'I fell out of it' - raceday host and former rider Brown thrilled to be back
The return of crowds has brought many things back to the racecourse, from idle chatter about whether the 6-4 favourite represents value to which outsider will best handle the track's undulations.
Simply put, it's the buzz. Excited people having excited conversations with excited friends they have not seen in too long.
Crowds have also meant a return to the track for raceday presenters and for Colin Brown – yes, he of Desert Orchid fame – it was a first day on track with crowds since Al Boum Photo won his second Cheltenham Gold Cup in 2020.
Unsurprisingly, for a workaholic so deep-rooted in the sport he is seemingly on first-name terms with every one of the racing professionals and 500-strong crowd; it has been an incredibly tough year.
"It's been dire," he said. "My wife thinks I'm a lunatic because I love working, she's been trying to tell me just to enjoy the time off, but I love the people, the buzz, seeing colleagues, it's been so great coming back today.
"It's what I love and some days I didn't even look at the paper, I fell a little bit out of it because I knew I couldn't go. We moved house, spent a few months in Sweden with my wife's mother and I did a lot of walking with the dogs, but it's great to be back.
"I've watched a bit on television but there's nothing better than coming racing in the flesh and bumping into old mates. I've been in racing a long time and there's a lot of camaraderie, which I've missed. People you might not ever go for a meal or have a drink with, you see them at the races and catch up, there's always plenty to talk about with big races coming up, you can't beat it."
Harris feels the force
The 5½f handicap is not even close to the biggest winner Ron Harris has had in the last year, but hearing Glamorous Force roared home by a crowd again meant it may just have been the most special.
"It's totally different and it's lovely to see people around," he said.
"That's what we do this for, to see people, meet people, it's a social sport as much as anything. We've missed it for a long time. The atmosphere keeps it all together and makes it worth it.
"We've really missed it. You couldn't really visualise what we were going through as trainers. You'd nobody to talk to. I know you're busy, but if you've a runner in the first and then you had to wait two or three, it was very hard to keep going under those circumstances.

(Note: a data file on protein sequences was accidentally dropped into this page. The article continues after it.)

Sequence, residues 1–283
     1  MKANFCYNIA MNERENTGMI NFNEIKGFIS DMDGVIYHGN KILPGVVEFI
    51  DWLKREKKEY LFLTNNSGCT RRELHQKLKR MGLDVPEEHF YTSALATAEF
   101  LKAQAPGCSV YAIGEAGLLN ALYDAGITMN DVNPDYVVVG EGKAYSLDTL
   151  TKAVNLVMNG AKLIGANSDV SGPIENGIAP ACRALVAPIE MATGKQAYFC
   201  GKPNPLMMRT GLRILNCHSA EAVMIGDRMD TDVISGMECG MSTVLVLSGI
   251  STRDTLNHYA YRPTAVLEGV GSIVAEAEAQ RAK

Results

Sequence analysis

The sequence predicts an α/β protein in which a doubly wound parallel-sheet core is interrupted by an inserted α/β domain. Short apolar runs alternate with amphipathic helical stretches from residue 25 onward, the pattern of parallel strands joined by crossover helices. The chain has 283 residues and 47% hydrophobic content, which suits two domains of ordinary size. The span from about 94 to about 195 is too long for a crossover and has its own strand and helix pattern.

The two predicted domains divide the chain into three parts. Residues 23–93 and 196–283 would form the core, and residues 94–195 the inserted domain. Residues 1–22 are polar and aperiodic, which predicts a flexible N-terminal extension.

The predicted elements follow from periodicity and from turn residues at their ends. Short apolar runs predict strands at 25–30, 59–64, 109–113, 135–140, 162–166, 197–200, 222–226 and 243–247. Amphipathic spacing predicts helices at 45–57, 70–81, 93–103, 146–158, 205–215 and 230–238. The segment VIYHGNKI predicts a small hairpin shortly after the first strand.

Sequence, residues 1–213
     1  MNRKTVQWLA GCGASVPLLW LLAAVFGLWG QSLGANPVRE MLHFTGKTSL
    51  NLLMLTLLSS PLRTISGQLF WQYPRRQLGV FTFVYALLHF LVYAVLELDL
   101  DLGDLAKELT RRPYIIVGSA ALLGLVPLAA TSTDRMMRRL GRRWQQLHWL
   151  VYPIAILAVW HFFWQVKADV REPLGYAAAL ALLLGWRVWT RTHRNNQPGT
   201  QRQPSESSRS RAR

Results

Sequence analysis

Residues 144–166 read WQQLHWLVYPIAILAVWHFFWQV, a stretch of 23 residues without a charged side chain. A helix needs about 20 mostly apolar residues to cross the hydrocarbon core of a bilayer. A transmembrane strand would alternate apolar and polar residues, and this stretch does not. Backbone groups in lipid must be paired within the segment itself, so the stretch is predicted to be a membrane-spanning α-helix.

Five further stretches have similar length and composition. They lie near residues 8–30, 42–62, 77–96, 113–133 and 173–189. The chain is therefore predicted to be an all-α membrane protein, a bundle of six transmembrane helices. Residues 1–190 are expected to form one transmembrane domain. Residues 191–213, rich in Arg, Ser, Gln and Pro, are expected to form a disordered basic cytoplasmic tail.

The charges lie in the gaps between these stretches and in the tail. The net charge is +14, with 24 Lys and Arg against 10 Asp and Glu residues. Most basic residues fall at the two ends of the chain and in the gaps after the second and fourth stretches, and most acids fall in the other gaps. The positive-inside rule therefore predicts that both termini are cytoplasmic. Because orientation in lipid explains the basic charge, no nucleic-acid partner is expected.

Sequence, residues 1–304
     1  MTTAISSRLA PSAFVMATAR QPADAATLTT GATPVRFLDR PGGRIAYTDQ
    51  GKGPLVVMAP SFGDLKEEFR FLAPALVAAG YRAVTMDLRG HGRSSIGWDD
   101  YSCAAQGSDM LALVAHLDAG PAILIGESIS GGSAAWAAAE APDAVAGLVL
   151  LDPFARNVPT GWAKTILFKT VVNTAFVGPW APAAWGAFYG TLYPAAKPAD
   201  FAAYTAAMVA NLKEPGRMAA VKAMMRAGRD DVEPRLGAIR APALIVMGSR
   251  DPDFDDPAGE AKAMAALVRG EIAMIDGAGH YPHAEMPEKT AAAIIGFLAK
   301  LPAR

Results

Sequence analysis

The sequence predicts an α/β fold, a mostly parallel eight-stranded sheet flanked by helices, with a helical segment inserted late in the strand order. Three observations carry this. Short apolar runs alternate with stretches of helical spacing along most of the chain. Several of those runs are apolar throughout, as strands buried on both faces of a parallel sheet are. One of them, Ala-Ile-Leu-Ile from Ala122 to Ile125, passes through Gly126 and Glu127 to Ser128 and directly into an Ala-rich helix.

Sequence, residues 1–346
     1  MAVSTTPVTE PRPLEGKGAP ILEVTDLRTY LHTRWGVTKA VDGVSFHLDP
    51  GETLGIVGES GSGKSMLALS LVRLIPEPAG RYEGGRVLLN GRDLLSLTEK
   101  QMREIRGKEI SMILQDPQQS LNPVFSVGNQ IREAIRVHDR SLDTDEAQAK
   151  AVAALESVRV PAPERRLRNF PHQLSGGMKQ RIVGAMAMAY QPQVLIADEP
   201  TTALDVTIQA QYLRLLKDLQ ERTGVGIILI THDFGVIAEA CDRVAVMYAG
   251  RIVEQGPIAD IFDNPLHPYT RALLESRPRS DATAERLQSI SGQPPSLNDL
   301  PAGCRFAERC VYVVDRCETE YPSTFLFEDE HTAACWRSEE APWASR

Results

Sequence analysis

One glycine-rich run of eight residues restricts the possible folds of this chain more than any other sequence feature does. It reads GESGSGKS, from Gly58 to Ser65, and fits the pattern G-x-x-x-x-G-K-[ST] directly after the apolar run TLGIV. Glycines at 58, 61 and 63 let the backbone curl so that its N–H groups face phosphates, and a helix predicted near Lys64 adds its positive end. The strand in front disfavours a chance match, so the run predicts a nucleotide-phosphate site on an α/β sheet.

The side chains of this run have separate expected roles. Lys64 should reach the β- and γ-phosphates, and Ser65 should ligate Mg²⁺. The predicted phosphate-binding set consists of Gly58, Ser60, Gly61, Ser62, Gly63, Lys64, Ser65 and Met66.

"I go to every meeting where we have runners and it's been hard. Hopefully we're through it now and can look forward to better times."
Big joy for Roy camp
John Gallagher's Rivas Rob Roy also enjoyed a cheer from the crowd on his return to the winner's enclosure after landing the 7f handicap and the trainer added: "Isn't it brilliant, it's so good, it's lovely.
"There's a real buzz, you've children, when you're walking around and there's no-one you can win by ten lengths and there's no atmosphere. Here today, you look around and hear the chit-chat, it makes racing. This could not be better, it makes it fun again and you want to come for this, the people.
"We want to win for our owners but this is what you want, it's what owners want, they want the sunshine, buzz, the day and then you can take it if you win or lose."
Big day for local lad
Callum Shepherd was born and bred in Brighton, so the fact he had not ridden a winner at his home track in 65 rides was something of a bugbear, but not anymore.
Shepherd guided the Rae Guest-trained Jewel In My Crown to victory in the mile novice and spoke of his relief after.
"I was born here, I've had 65 rides and that's my first winner," he said. "It was a horrendous statistic so it's good to get that one out the way."
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